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Jacqueline Woodson

Middle Grade/Young Adult

book cover of If You Come Softly

If You Come Softly

If You Come Softly is about Jeremiah who is fifteen and black and Ellie who is fifteen and white. They meet at a private school and fall in love and then have to deal with how society treats them because they’re an interracial couple. It was inspired by a poem by Audre Lorde that begins:

If you come softly
as the wind within the trees
you may hear what I hear
see what sorrow sees.

Where it takes place:

In the Washington Heights section of Manhattan.

Where I wrote it:

Whidbey Island which is off the coast of Seattle, Washington and in Olivebridge, NY.

Why I wrote it:
german version of if you come softly

German language version of “If You Come Softly”

I wrote If You Come Softly because I wanted to write about first love—how hard it can be and how great it is. I also wanted to write about being fifteen because I remember that age very well. As I was writing it, I came across some lines from Romeo and Juliet and realized this story was a modern-day Romeo and Juliet. The enemies of Jeremiah and Ellie’s love are racism, police brutality and people’s general stupidity. I also wanted to write about Time—about how fleeting it is, how important it is to love who you want and be who you want in the moment so that you don’t look back and think “I should have…” or “I could have…”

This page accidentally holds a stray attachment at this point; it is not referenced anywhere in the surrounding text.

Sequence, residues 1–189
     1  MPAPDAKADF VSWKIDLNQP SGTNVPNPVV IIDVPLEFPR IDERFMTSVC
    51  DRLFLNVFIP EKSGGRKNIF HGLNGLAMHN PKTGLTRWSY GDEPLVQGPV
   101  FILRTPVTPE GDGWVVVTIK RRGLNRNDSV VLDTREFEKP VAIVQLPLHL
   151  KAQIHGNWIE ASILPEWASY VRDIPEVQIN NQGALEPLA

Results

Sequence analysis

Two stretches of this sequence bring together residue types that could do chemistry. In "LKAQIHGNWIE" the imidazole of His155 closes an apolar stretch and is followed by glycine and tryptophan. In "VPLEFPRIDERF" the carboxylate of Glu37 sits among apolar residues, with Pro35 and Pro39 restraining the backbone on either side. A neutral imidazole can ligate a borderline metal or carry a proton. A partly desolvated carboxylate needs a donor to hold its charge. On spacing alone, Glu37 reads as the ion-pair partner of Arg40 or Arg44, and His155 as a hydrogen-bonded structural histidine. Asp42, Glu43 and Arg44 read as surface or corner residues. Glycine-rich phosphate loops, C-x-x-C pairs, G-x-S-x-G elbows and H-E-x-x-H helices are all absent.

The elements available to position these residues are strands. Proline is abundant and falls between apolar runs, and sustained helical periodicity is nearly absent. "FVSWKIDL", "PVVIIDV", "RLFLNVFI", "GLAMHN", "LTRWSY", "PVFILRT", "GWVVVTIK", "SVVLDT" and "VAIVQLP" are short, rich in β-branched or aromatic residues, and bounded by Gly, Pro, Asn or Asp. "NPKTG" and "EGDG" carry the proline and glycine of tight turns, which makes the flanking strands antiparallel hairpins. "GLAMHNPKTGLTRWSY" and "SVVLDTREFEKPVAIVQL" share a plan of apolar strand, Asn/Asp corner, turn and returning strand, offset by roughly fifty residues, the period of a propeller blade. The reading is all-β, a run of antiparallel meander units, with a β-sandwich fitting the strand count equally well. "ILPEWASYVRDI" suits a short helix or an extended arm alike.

• ALA Best Book for Young Adults
State Lists
  • Maryland (winner)
  • Virginia (winner)
  • ALA Best Book for Young Adults
  • Award Nominee (all readers)
  • 2001 Detroit Public Library Author’s Day Award
Jacqueline Woodson

Jacqueline Woodson

Jacqueline Woodson is an American writer of books for adults, children, and adolescents. She is best known for her National Book Award-Winning memoir Brown Girl Dreaming, and her Newbery Honor-winning titles After Tupac and D Foster, Feathers, and Show Way. Her picture books The Day You Begin and The Year We Learned to Fly were NY Times Bestsellers. After serving as the Young People’s Poet Laureate from 2015 to 2017, she was named the National Ambassador for Young People’s Literature by the Library of Congress for 2018–19. She was awarded the Hans Christian Andersen Medal in 2020. Later that same year, she was named a MacArthur Fellow.